A 70 year old male went to the emergency room complaining of fever, diarrhea, intestinal cramps and a sore throat. Blood cultures were negative for bacteria, but stool cultures isolated a gram...
A 70 year old male went to the emergency room complaining of fever, diarrhea, intestinal cramps and a sore throat. Blood cultures were negative for bacteria, but stool cultures isolated a gram positive rod-shaped bacterium. When asked about any new or unusual food he had consumed, the patient stated the he had consumed a ripened farm cheese his daughter had given him that she had brought back from a recent trip to Mexico. A sample of the cheese was sent to the laboratory. Further culturing revealed the same type of bacterium and that this microbe grew best at 4o C, rather than 37o C.
- What is the appropriate treatment(s) for the disease/disorder?
Clostridium difficile is a Gram positive staining bacteria. There are certain antibacterial drugs that are effective against it. Metronidazole is a popular treatment for this disease because it is available orally and it has been around for several decades so it is generic (meaning inexpensive). Vancomycin is another drug for C. difficile. It is traditionally given intravenously but it can be given orally for this particular case since it is not taken up into the boodstream and will inhabit the intestine.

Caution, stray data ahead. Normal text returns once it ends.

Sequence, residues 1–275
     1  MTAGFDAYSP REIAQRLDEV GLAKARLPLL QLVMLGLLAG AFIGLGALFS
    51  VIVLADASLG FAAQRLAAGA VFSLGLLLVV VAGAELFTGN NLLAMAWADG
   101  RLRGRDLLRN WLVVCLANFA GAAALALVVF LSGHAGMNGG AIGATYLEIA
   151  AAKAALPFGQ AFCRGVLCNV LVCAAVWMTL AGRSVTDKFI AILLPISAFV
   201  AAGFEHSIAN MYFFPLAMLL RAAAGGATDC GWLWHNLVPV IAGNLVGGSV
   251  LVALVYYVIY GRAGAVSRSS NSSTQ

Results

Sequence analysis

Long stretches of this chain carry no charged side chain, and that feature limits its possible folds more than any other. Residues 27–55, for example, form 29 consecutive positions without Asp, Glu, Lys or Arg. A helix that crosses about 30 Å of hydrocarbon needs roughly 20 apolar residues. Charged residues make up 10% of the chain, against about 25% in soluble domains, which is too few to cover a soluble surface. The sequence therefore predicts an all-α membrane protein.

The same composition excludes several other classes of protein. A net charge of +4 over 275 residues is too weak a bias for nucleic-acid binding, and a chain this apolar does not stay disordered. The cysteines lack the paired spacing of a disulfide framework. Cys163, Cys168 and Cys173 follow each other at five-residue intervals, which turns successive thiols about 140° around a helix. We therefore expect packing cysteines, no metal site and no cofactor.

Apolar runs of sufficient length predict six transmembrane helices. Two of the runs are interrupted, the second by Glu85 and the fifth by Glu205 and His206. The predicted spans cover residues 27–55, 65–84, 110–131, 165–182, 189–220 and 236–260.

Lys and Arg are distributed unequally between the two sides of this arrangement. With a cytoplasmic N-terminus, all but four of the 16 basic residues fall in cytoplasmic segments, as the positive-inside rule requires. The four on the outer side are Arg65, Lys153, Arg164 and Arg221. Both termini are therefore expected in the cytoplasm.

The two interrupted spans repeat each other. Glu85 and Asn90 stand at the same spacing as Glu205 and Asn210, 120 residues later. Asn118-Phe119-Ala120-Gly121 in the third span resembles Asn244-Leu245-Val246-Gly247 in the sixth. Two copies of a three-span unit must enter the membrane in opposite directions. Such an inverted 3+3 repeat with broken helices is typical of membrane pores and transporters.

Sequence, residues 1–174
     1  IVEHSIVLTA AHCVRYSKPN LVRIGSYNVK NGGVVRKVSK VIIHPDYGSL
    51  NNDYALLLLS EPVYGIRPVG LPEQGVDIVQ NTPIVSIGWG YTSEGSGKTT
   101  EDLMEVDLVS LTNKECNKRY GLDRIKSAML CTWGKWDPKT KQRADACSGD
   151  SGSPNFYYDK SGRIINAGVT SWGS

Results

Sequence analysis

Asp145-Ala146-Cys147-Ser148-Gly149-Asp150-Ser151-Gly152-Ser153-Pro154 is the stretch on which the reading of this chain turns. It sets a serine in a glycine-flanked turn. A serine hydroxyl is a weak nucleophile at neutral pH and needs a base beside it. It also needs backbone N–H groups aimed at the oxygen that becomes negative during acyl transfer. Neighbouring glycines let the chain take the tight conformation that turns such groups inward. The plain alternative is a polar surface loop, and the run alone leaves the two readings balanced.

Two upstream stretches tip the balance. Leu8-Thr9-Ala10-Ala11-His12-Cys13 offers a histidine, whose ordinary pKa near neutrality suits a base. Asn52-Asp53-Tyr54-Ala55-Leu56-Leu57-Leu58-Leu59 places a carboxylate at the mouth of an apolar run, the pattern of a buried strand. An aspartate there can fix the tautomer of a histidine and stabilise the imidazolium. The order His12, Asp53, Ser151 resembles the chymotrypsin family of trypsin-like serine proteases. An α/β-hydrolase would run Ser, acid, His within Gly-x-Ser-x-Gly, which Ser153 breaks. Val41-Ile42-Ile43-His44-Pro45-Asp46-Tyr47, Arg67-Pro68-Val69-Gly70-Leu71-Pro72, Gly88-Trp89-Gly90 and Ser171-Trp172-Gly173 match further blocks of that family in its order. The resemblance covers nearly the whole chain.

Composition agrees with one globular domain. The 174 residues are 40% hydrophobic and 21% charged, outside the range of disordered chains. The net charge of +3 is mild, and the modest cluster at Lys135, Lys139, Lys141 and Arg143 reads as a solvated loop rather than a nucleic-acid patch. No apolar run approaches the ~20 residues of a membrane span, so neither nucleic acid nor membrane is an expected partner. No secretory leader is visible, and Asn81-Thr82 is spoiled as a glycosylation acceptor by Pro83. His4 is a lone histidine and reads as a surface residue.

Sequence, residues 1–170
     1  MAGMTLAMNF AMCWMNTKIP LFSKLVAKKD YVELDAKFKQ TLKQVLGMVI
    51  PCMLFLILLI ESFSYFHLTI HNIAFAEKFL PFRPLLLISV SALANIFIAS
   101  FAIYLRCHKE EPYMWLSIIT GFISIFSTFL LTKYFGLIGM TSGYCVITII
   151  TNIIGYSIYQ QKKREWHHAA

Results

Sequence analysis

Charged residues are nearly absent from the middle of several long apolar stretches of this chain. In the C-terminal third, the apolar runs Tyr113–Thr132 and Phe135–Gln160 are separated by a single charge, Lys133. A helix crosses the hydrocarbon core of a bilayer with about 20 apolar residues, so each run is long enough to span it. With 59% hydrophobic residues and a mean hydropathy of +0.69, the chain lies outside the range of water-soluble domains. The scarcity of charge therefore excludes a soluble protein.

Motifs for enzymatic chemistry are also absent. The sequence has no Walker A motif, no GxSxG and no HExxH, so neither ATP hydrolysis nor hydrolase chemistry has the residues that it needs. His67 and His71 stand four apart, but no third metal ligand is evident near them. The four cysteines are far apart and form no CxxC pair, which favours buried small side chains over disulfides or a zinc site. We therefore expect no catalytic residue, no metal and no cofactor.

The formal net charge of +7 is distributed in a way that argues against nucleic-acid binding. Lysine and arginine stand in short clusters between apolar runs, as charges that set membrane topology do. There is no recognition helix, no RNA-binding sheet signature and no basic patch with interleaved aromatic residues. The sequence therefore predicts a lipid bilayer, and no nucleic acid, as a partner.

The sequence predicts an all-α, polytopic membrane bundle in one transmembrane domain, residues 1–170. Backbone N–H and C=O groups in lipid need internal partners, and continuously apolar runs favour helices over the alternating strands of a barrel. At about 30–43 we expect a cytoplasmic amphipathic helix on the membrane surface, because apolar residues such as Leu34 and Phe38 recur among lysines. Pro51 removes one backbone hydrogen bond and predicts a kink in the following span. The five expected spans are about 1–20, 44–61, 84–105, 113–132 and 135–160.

Interestingly, a stool transplant (more properly termed "fecal bacteriotherapy") has had very high success rates for curing the bacterial infection. A stool sample from a healthy individual is transplanted into the intestine of an individual with C. difficile infection. The presence of the healthy, normal gut flora in the transplanted stool from the healthy individual recharges the sick person's own gut flora so the C. difficile can be wiped out through bacterial competition for nutrients. This could become a more prevalent procedure in the future.